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Fanning the flames


Remote controlled Air Liquide plant provides oxygen for steel production

As if driven by a higher power or the hand of a ghost, the cursor jumps across the computer screen. Left, right, up, and down. No one is sitting at this operator’s console, the cursor has a life of its own. Then the cursor is clicked, changing the volume flow of the process displayed here. 
But this is not a hacker sabotaging a computer system, and it’s not a malfunction either. Instead, it’s daily business at Air Liquide’s air separation plant in Unterwellenborn.

The plant, located in the picturesque Thuringian Forest, is remote controlled from Air Liquide’s main eastern German production facility, in Böhlen, some 130 kilometers away. The 10-strong staff in Böhlen can monitor the air separation plant from a distance. 
Outside of regular business hours (i.e., between 10 PM and 6 AM, and on weekends), two operators are on on-call duty. In case there are problems in Unterwellenborn, they can log into the system via a computer and make necessary adjustments. That includes set points such as volume flows, temperature, or pressure. The operators can also access and read control protocols. 
With literally all parts of the plant controlled from afar, is Unterwellenborn a sort of “ghost plant” then? 
Not entirely. 
While such technologies are gaining popularitydue to their cost-effectiveness, they cannot entirely replace human skill and expertise. 

It’s no different in Unterwellenborn.

The maximum period of time that the plant is deserted is seven days, but normally it’s two to three days. So, while human presence may be decreasing, it’s still an important aspect in Air Liquide’s plant maintenance.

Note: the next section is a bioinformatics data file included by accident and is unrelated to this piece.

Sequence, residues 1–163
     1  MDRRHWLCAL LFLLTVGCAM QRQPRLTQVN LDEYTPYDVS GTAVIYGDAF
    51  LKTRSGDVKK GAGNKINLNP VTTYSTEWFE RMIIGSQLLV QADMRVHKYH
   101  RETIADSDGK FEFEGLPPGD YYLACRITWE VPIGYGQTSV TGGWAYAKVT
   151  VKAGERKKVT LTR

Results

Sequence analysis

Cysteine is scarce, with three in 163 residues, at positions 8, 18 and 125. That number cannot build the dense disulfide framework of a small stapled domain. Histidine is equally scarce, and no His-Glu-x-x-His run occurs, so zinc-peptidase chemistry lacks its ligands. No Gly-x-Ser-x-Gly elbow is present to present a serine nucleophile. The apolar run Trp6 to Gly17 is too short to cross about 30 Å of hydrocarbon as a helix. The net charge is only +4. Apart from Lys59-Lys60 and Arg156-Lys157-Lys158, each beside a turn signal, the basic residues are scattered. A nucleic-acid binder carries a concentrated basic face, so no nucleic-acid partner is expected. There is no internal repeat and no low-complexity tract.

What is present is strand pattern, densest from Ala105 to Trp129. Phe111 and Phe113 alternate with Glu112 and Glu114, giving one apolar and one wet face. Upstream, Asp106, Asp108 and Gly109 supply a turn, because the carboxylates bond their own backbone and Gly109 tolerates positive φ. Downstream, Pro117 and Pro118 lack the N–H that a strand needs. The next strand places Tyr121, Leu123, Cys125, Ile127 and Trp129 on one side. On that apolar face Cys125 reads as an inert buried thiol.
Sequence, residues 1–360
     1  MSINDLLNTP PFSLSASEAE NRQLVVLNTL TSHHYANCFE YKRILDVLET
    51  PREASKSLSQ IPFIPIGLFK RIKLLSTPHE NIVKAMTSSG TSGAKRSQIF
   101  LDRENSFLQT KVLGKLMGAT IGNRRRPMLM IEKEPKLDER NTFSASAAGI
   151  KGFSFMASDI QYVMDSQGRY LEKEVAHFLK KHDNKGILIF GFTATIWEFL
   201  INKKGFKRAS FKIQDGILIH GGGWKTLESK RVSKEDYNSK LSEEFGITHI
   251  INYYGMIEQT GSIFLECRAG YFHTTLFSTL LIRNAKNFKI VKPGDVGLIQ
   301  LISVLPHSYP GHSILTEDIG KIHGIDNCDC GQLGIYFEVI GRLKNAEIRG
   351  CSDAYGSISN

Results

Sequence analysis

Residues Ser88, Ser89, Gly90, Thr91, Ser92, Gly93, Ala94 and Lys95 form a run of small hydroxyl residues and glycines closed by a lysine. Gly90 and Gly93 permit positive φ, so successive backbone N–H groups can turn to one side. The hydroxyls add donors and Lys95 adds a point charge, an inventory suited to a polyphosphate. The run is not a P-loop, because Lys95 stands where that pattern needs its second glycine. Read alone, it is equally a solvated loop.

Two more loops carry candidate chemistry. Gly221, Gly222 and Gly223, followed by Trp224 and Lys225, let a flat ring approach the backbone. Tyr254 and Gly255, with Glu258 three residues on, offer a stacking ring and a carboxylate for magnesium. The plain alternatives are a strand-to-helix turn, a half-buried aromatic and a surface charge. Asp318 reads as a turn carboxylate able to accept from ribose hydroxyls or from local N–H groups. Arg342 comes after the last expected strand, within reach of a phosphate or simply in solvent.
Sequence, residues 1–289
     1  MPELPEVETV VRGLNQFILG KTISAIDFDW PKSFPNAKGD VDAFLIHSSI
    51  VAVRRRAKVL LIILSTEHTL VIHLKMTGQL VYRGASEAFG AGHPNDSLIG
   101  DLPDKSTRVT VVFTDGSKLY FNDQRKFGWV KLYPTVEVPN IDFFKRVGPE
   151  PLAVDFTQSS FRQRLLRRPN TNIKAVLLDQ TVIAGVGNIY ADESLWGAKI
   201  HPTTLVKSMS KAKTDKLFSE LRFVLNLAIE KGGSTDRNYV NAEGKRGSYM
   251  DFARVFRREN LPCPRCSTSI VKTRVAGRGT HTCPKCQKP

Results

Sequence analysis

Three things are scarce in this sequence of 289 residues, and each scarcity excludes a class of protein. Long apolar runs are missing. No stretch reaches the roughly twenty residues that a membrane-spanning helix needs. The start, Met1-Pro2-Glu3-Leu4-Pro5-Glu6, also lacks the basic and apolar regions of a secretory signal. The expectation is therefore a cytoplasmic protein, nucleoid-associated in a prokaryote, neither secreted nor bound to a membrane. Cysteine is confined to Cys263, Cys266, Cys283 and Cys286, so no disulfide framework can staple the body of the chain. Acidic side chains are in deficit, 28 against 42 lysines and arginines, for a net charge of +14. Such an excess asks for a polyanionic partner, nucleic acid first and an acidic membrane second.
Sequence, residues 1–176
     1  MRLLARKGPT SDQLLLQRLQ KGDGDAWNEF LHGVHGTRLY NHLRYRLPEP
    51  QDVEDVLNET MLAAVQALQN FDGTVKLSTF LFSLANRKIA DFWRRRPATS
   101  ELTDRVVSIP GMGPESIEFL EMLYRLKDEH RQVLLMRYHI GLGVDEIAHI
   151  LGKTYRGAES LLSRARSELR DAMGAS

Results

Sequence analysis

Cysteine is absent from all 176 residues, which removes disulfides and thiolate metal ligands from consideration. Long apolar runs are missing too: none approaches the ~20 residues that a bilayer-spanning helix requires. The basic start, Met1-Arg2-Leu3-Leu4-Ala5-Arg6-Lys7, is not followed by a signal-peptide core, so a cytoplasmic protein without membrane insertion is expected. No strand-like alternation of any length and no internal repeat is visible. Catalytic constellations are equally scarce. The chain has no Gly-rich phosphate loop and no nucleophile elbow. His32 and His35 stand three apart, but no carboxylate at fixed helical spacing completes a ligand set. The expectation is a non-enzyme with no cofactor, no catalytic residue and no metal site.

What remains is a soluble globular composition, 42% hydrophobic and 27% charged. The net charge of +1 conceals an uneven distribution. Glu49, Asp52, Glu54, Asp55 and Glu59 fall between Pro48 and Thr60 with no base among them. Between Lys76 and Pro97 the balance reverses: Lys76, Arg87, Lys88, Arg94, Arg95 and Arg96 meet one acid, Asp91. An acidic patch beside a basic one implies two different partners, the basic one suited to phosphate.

Cutting the steel

The plant in Unterwellenborn is integrated into the steel production complex Stahlwerk Thüringen, a site with a storied history dating back to the 1870s. 
Air Liquide supplies the modern-day Stahlwerke Thüringen plant with oxygen and compressed air as well as argon and nitrogen. The oxygen is primarily is used in smelting processes but also in continuous casting, where the oxygen essentially cuts the hot steel on the rolling train into smaller pieces. In total, Air Liquide’s Unterwellenborn plant produces around 5,500 Nm3/h of oxygen for Stahlwerk Thüringen, combined with 8,600 Nm3/h of compressed air (at varying pressures). 
At the heart of the Unterwellenborn air separation plant is an Atlas Copco compressor, a three-stage GT063 for process air coupled with a booster stage (GT026). In operation since 1998, the compressor has run reliably, says Air Liquide, although it requires regular maintenance and service just like any other high-duty machine. 

So while the GT063 may seem to be controlled by a ghost most of the time, it does need some human intervention – at least every now and then....